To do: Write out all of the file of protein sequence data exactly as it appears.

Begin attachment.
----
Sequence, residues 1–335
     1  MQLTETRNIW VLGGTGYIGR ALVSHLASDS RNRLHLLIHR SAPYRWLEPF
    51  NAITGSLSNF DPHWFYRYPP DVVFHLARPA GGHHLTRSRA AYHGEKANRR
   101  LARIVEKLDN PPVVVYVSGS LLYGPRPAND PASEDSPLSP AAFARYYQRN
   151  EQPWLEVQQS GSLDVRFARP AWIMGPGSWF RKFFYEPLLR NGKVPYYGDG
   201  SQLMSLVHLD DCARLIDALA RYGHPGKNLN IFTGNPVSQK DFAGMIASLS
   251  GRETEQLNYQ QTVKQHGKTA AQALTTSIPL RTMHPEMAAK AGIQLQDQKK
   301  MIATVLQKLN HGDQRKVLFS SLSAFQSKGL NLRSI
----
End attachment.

Sequence, residues 1–335
     1  MQLTETRNIW VLGGTGYIGR ALVSHLASDS RNRLHLLIHR SAPYRWLEPF
    51  NAITGSLSNF DPHWFYRYPP DVVFHLARPA GGHHLTRSRA AYHGEKANRR
   101  LARIVEKLDN PPVVVYVSGS LLYGPRPAND PASEDSPLSP AAFARYYQRN
   151  EQPWLEVQQS GSLDVRFARP AWIMGPGSWF RKFFYEPLLR NGKVPYYGDG
   201  SQLMSLVHLD DCARLIDALA RYGHPGKNLN IFTGNPVSQK DFAGMIASLS
   251  GRETEQLNYQ QTVKQHGKTA AQALTTSIPL RTMHPEMAAK AGIQLQDQKK
   301  MIATVLQKLN HGDQRKVLFS SLSAFQSKGL NLRSI